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Thu November 7, 2013
Update: Krier Tapped To Fill District 9 Council Seat
Update (1:40 p.m.): Joe Krier has been named the interim representative for District 9 on the San Antonio City Council.
Mayor Julián Castro kicked off the support for Krier, citing his experience, community leadership and understanding of the district and people in District 9 as reasons for choosing him.
Art Downey, another of the three finalists and chair of the city's Ethics Review Board, received two votes. Paula McGee, another finalists, did not receive any votes.
Original Post: Three candidates remain in the running to fill the vacated District 9 city council seat on San Antonio's far North Side.
Art Downey, Paula McGee and Joe Krier are on the short list to represent the conservative Northern area of the city, a position formerly held by Elisa Chan who stepped down to focus on a State Senate race.
Downey is the current chair of the city's Ethics Review Board and would have to step down should he be appointed to this interim position.
During the interviews of 11 candidates during Wednesday's B session, Downey told the council he has his eye on several projects if he's appointed.
"I do think transportation, living in Stone Oak, it's a key issue in District 9 and I would certainly like to see anything done that can improve that," he said.
But Downey made it clear he would not run for the spot in next year's special election.
Paula McGee is an attorney who says she's an ordinary, average citizen.
She says her vision is to help the district regain its voice on the council, all but criticizing the former councilwoman by telling the body it's time to get back to work for the people there.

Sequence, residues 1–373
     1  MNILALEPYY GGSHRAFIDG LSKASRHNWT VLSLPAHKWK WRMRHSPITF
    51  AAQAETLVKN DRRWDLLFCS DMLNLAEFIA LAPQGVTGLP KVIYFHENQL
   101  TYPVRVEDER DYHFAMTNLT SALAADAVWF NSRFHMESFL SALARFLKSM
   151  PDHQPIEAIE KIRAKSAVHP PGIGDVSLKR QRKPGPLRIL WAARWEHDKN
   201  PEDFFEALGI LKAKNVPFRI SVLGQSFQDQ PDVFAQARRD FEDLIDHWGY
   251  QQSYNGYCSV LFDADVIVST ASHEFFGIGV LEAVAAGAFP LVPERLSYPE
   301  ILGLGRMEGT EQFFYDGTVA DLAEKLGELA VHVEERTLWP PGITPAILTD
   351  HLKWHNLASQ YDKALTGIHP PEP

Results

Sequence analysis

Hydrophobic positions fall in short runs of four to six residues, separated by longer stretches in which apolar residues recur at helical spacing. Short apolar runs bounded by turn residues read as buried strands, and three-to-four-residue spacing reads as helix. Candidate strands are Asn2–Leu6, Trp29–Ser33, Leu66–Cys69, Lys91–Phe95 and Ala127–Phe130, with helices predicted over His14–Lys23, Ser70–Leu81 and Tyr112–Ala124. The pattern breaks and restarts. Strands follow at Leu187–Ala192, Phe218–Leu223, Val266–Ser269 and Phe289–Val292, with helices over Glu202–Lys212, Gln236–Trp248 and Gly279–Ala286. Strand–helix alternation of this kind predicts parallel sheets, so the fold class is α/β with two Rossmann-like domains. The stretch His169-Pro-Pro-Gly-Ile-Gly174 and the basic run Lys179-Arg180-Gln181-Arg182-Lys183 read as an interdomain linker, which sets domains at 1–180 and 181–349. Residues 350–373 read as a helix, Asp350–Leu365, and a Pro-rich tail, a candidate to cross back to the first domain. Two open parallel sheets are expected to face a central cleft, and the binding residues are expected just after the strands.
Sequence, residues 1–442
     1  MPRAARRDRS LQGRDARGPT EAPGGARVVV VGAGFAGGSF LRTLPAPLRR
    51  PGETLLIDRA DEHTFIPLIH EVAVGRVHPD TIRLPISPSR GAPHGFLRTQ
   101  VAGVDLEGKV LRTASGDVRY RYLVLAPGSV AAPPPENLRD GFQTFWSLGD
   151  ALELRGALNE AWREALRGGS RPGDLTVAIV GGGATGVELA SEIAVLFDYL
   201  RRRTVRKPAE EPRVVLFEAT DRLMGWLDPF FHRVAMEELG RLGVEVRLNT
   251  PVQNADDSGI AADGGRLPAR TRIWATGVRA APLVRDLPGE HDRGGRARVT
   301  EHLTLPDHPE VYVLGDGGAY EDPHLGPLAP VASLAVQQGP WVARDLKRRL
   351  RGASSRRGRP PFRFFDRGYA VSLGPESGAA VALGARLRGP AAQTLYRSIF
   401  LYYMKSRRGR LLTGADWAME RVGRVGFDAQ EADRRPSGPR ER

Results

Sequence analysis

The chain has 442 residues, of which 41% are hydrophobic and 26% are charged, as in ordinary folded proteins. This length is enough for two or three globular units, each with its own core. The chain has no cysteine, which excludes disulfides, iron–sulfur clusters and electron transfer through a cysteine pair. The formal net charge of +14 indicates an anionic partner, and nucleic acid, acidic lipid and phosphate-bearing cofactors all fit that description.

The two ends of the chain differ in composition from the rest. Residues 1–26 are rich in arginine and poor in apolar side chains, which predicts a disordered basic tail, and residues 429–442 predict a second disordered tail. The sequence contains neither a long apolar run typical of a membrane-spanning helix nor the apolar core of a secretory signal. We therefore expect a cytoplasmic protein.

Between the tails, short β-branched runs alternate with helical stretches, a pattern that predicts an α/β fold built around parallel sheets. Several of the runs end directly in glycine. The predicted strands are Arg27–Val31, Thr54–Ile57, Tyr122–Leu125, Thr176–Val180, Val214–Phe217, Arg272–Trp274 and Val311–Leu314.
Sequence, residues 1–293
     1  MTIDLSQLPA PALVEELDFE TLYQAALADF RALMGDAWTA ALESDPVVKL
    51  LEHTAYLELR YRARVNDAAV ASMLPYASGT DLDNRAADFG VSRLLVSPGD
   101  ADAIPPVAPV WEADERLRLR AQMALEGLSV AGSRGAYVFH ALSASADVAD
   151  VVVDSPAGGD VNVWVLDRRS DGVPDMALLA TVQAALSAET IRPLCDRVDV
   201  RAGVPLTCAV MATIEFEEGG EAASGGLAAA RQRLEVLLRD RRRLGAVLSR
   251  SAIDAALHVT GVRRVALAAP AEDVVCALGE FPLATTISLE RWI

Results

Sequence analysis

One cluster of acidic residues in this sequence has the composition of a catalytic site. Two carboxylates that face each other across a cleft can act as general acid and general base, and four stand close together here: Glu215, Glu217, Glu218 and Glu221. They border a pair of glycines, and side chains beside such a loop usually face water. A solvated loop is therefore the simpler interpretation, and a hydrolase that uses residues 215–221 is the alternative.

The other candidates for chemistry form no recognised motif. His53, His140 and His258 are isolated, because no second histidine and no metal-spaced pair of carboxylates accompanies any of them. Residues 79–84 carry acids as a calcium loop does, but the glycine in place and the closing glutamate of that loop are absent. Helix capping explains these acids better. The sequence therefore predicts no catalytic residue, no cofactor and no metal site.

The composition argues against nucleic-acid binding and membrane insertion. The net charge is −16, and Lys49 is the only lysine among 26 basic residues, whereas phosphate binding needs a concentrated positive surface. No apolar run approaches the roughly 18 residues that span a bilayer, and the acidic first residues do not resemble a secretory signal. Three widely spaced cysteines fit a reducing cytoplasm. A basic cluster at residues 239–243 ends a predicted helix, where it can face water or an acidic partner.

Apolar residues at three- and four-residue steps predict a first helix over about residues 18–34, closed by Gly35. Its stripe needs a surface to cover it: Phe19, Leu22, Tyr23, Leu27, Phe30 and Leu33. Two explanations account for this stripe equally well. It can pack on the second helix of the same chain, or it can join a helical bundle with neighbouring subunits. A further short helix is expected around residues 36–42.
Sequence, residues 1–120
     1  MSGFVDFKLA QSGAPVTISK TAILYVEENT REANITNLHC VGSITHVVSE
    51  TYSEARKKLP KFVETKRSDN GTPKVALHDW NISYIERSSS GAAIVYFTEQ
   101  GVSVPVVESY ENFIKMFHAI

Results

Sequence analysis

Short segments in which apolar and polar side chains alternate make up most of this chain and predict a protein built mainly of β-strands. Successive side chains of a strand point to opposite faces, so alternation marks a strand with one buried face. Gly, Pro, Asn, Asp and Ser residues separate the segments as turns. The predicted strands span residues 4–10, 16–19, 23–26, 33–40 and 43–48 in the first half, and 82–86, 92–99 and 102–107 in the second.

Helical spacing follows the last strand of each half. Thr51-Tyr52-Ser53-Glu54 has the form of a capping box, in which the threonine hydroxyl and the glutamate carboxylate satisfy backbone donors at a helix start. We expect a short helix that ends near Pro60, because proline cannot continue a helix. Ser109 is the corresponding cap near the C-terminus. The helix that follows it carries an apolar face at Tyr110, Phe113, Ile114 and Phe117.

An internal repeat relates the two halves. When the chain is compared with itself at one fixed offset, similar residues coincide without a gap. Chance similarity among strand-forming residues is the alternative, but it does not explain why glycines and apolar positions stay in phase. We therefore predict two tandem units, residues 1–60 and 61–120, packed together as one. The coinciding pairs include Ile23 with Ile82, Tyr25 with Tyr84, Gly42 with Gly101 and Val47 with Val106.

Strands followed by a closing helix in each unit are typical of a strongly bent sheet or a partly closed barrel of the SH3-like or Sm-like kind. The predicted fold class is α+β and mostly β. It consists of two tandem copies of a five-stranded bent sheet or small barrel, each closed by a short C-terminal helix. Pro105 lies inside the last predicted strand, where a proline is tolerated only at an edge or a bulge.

"District 9 is an important sector of our city and its vitality benefits the whole in more than those who live and work there," she said standing in front of the council. "Recently there's been too many distractions and the needs in District 9 were overshadowed."
McGee says she's not considering a run for the seat in May but told the council if she likes the job and excels at it, she might change her mind.
Joe Krier, the former head of the Greater San Antonio Chamber, admitted he doesn't know that many specific neighborhoods in the district.
But he says a broad-based effort with everyone's help gets things done.
"I learned that when we work together as a community there's literally nothing we can't do and I think I developed from that experience a reputation as a consensus builder."
Krier says he has expertise in areas like bio-medical, aerospace, cyber security and transportation.
He says he's not intending to run for the seat in the special election.